A suburban area of Belfast which is most worth visiting is Lisburn Road. If you are attracted to shopping in Belfast, particularly for best quality designer Mens and Womens clothes, and also homewares and furniture, you'll be interested in Lisburn Road as well as Victoria Square. But also Lisburn Road has become a place for going out, during the daytime as well as in the later hours. The road has a good deal of interest to offer in small galleries, while the town end, at Queens University, can start your foray into art in Belfast close by at the Ulster Museum in Stranmillis. Whether you want to examine art for pleasure in the small galleries the Lisburn Road offers, or are looking to pick up some art to buy, here is an ideal part of the city to lose yourself in, with a good deal of walking.
For daytime visits, the road has many coffee and tea shops, delis and sandwich bars, also a few renowned ice cream parlours. There are some very well regarded places to eat and drink such as Shu Restaurant and basement cocktail bar, and Essence Restaurant, as well as more casual places to relax easily out in or grab something to eat. (See also the Asian Food section.) Pizza Express, as usual, caters for both worlds.
Daytime hours and night-times, a few diner style licensed cafes like Springsteens and Ruby Tuesdays have low key attraction while Ryans Barand The Chelsea Bar are two of the major places to visit on a night out in Belfast, for very good quality cafe bar menus and to relax over a drink or some or many. For a small corkage fee you can bring your own wine or beer to some other good diner style restaurants, Relish, a gourmet burger cafe, and Wrap Works Co. Mexican wrap restaurant for ace Burritos, Fajitas etc. (a very good vegetarian choice also). Also, the amiable Scarlett's Bistro. Relish is a bus journey or good walk up Lisburn Road. Wrap Works and Scarlett's are reasonable walks but nearer from the Golden Mile, close to the Tates Avenue junction. Deez bar, close to Wrap Works is a local favourite in the area, with an upstairs club which is mostly student and 20-something orientated.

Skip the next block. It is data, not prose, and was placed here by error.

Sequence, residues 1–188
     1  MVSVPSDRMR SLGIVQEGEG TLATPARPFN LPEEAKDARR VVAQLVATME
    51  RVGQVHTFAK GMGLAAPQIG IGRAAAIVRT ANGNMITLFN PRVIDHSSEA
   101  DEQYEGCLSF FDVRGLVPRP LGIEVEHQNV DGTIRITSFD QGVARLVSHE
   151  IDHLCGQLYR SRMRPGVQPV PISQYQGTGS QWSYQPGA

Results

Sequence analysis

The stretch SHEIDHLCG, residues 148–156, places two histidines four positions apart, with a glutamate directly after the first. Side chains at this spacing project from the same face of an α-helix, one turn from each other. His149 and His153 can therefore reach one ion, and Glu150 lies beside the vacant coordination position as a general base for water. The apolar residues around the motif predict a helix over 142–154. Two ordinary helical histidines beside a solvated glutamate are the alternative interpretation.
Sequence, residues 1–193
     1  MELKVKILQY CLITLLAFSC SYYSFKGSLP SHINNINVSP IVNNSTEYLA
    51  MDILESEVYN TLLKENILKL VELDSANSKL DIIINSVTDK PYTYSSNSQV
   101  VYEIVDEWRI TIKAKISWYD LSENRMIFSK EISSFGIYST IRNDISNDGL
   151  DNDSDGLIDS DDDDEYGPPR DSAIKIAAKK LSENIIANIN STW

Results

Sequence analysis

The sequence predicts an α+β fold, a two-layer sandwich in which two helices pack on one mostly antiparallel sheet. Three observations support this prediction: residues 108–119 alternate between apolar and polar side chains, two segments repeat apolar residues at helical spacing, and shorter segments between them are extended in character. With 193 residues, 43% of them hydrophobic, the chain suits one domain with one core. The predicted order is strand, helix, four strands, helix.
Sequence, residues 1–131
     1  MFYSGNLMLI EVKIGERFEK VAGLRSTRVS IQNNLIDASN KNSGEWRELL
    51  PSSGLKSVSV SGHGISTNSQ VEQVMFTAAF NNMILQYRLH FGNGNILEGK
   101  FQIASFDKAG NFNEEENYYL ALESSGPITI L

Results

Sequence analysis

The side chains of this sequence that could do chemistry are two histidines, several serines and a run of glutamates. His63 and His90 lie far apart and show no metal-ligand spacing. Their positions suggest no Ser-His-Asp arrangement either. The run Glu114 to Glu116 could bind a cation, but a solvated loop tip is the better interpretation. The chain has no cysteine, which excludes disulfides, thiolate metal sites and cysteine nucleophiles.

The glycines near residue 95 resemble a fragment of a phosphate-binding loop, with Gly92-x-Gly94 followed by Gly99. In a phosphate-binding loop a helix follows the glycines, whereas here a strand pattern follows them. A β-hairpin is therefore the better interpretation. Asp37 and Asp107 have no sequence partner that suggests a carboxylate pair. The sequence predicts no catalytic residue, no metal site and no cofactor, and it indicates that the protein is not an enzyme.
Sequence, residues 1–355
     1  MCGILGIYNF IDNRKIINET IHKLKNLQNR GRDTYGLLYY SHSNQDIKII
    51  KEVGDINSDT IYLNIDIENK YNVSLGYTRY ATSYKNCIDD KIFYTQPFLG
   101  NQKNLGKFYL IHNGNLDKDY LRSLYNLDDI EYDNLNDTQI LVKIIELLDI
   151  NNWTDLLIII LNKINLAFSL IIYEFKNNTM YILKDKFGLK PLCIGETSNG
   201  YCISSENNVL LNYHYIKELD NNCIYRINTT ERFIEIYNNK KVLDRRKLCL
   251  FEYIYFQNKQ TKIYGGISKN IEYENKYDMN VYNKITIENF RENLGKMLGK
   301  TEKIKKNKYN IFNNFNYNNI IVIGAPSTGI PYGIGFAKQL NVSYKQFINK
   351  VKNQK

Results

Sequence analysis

TaTu Bar and Grill *** Expansion welcomed. TaTu Bar has closed recently. The space is now occupied by a new restaurant - wine bar, Monzu.